Automotive

Automotive Part Maker Finds Takata Falsified Seatbelt Tests: Report


Takata demonstrates the effectiveness of its seatbelts during a 2012 exhibition.

Takata demonstrates the effectiveness of its seatbelts during a 2012 exhibition.
Photo: YOSHIKAZU TSUNO/AFP (Getty Images)

The Japanese arm of Joyson Safety Systems, a United States-based automotive safety component maker, found 1,000 cases of data falsification when it came to Takata’s seatbelt tests, Reuters reports.

Advertisement

This investigation began back in October of 2020, and the results are conclusive: plants in Hikone, Japan and in the Philippines were found to have falsified test data on belt webbing for adult seatbelts and child safety seats. This webbing is the core of the belt’s strength, so it’s crucial that these elements are in top condition.

Unfortunately, the plants in question doctored data in order to meet client standards. It does not appear that these elements compromised safety, and there are currently no recalls issued for the belts at the moment. That said, Hisayoshi Iwamitsum president of JSS Japan, said JSS Japan submitted an investigation report to Japan’s transport ministry on Friday.

Here’s a little more from the Reuters story:

As part of preventive measures, the company introduced an electronic system in March that would prevent data from being falsified, and is working on expanding human resources for quality management, he added.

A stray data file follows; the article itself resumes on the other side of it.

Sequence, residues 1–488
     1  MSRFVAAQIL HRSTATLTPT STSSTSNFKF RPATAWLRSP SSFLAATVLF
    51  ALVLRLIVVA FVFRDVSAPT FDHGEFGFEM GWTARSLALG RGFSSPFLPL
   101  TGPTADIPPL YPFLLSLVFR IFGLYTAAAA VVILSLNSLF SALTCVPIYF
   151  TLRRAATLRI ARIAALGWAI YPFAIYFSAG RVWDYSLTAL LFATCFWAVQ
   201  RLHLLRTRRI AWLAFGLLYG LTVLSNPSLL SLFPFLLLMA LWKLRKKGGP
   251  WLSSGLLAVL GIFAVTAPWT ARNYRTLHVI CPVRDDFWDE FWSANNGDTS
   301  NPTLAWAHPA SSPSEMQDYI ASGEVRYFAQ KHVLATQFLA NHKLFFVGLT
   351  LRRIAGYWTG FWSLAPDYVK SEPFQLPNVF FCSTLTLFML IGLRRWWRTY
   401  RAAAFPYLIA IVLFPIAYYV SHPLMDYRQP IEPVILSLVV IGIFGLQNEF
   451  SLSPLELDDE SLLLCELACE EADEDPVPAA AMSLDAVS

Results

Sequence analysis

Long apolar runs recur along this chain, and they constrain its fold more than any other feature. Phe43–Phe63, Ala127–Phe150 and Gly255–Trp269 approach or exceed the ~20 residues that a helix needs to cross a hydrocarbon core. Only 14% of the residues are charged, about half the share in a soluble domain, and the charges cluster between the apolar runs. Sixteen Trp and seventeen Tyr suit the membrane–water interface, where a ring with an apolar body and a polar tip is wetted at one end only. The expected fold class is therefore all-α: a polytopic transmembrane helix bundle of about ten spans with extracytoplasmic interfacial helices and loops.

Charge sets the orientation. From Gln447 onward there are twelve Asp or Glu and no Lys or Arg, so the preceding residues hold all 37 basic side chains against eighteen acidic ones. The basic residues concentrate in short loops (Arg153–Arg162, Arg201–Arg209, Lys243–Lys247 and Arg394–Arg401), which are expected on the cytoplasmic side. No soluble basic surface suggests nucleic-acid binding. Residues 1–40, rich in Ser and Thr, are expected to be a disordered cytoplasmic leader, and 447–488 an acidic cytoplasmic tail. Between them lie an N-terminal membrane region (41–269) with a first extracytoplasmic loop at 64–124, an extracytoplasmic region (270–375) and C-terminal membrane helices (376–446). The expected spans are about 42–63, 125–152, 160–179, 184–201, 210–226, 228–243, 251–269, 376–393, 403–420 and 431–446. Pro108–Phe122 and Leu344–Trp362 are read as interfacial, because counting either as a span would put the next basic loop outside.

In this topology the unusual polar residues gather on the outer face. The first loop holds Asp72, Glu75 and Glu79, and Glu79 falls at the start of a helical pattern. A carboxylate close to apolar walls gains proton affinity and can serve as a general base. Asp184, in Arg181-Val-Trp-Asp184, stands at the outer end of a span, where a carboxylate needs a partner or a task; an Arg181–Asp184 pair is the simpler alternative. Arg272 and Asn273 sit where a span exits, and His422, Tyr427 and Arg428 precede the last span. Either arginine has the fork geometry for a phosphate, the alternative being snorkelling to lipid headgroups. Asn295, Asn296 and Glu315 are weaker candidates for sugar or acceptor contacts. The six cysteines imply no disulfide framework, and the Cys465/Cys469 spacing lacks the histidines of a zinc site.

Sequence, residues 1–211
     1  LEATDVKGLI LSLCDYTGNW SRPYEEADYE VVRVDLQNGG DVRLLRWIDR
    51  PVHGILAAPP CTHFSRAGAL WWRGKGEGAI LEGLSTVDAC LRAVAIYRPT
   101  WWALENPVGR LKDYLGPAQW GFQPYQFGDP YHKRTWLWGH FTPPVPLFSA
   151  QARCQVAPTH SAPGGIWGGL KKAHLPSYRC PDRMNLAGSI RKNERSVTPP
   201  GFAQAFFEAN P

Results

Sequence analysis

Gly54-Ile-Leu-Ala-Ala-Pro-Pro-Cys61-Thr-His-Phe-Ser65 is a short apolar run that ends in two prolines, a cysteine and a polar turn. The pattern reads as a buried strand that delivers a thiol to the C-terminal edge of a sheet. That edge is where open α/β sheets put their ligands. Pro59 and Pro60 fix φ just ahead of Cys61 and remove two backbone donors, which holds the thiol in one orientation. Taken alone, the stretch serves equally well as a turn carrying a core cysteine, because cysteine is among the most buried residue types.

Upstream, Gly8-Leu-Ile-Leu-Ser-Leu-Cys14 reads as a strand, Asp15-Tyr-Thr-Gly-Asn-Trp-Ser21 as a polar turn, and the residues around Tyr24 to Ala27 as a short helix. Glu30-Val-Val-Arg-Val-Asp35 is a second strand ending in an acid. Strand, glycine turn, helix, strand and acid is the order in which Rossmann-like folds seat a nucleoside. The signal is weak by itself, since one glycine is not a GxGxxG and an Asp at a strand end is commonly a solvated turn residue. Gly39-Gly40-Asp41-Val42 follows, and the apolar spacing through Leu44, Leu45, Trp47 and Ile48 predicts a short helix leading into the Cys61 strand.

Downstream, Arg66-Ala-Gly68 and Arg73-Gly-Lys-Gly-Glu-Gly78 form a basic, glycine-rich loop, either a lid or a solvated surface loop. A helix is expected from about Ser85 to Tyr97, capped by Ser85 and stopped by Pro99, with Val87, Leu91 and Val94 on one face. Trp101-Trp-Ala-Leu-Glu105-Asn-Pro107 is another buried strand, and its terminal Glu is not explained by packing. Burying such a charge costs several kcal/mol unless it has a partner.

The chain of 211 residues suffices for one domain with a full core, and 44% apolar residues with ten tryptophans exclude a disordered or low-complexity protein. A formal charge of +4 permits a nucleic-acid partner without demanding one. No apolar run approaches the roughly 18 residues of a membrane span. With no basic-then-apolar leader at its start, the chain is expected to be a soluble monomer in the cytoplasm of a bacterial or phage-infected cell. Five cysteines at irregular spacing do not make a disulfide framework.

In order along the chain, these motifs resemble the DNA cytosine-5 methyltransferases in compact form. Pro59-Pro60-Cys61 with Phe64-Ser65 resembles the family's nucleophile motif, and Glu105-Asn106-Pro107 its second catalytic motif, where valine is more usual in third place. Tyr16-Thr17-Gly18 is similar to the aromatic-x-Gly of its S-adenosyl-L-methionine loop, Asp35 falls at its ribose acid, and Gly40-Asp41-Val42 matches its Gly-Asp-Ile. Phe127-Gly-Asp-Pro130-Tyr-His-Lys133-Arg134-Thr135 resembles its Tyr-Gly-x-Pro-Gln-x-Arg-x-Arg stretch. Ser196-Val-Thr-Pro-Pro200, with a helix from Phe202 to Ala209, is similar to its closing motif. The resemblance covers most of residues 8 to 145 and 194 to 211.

The investigation also showed that data had been falsified at Hikone plant over a two-decade period until Jan. 2020, overlapping with when Takata was embroiled in airbag scandals.

Yes, having both seatbelt and airbag issues is not great. That doesn’t lend a lot of confidence to your company—but at the very least, the seatbelt issue doesn’t seem to be anywhere near as devastating as the airbag one, in part because the safety of the belts were confirmed by other tests.

If you’ve forgotten, about 67 million Takata air bags were recalled for potentially causing harm to drivers involved in accidents. Airbags exposed to high heat or humidity were prone to failing.

Click to comment

Leave a Reply

Your email address will not be published. Required fields are marked *

three × 2 =

This site uses Akismet to reduce spam. Learn how your comment data is processed.

Most Popular

To Top